(redacted names and ideas so the student can continue writing without needing to worry that someone would steal his/her idea - MFE)
The nice thing about your last "possible thesis" is that it's a statement that demands proof. No one can disagree with the "Virgil represents Human Reason" statement - it's an incontrovertible fact, not a theory that demands justification. Why write three pages arguing something that your reader agreed with after reading four words?
But your idea about _________ interests me; I can see areas where your reader could challenge you, and where you could rise to the challenge.
That's the purpose of the essay, ________: not to say something we already believe, but to make us believe something we didn't believe or hadn't seen before, even if it - like ___________ - was sitting in front of us the whole time.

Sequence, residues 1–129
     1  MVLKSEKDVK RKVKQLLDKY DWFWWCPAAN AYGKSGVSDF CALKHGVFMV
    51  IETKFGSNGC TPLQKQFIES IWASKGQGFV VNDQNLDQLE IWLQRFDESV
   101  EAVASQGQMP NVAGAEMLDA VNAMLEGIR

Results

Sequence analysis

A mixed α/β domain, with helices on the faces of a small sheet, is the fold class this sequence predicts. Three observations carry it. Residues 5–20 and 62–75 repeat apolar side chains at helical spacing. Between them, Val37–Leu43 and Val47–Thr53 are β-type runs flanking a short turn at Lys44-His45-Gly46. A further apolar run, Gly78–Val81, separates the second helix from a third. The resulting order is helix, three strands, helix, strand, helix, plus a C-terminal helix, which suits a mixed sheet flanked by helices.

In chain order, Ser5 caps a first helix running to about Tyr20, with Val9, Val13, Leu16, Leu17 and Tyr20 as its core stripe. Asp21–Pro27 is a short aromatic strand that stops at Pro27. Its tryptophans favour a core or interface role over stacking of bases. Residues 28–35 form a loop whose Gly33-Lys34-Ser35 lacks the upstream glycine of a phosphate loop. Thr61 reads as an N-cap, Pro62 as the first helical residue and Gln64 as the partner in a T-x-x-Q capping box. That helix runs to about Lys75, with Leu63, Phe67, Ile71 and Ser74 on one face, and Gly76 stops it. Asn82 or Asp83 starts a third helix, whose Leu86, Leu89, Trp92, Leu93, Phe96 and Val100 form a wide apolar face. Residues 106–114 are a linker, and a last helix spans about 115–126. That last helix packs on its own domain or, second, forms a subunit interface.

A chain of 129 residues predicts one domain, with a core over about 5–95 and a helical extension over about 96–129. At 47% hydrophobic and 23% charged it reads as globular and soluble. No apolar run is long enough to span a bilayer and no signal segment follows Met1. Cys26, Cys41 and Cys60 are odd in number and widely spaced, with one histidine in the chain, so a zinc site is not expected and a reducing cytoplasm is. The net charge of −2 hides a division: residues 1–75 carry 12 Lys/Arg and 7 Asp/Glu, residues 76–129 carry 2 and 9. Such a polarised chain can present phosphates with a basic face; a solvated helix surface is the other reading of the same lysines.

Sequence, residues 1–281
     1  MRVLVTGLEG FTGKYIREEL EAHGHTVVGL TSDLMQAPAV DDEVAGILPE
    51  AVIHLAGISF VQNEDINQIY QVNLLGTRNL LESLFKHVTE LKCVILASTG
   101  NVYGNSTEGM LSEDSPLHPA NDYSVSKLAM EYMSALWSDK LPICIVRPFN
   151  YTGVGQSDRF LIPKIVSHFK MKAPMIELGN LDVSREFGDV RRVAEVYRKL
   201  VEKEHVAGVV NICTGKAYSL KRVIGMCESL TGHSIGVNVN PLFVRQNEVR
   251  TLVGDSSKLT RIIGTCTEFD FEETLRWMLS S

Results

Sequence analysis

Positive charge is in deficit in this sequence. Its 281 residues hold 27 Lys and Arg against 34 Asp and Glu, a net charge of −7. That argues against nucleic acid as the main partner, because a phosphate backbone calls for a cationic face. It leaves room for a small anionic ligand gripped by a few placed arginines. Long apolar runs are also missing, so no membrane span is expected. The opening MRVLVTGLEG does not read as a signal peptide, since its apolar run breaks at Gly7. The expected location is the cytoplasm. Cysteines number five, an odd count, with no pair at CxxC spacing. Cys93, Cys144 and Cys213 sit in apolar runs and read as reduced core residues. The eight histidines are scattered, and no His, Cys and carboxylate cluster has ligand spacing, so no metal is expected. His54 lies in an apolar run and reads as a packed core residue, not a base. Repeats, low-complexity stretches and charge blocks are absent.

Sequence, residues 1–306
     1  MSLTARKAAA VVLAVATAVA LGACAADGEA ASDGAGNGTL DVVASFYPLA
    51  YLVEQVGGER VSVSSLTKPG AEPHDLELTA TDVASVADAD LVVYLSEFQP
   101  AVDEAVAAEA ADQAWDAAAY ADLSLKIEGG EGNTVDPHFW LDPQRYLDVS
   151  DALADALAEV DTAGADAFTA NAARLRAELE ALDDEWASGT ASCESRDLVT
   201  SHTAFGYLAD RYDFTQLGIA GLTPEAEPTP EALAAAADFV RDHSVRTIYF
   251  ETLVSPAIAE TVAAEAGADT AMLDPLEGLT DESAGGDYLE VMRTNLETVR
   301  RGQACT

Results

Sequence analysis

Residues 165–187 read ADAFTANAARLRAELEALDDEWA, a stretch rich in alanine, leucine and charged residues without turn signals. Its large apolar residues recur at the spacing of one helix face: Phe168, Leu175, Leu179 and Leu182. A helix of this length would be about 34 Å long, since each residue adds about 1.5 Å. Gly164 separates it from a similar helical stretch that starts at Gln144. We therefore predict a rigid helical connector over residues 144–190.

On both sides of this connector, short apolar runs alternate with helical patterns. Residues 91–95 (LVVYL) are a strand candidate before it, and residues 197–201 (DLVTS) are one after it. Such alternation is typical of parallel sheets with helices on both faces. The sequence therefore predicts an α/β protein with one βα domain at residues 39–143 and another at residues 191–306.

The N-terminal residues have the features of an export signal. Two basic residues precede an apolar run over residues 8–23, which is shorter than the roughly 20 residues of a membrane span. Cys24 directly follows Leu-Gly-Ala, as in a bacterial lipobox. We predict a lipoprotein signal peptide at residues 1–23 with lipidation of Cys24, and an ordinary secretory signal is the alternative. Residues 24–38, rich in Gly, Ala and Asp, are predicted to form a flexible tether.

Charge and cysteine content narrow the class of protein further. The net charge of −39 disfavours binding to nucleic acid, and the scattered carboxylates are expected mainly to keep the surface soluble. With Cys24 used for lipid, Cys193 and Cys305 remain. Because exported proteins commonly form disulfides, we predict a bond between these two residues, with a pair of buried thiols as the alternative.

In the last e-mail, I'd say the second "example" thesis is the stronger of the two: it's shorter and more direct while avoiding "listing-thesis syndrome." You don't necessarily want to spell everything out in your thesis...just the main points. After all, if we can see exactly how you're going to do it, there's no surprise or suspense motivating your reader to finish; he'll read your thesis, nod, and go home.
Think of yourself as a magician: the best parts of a trick (i.e., the things that separate a classic from a garden-variety illusion) aren't the introduction and ending, but everything between them. Your body paragraphs should enlighten and entertain, so don't spoil your surprise - pull off the trick by keeping us captivated throughout!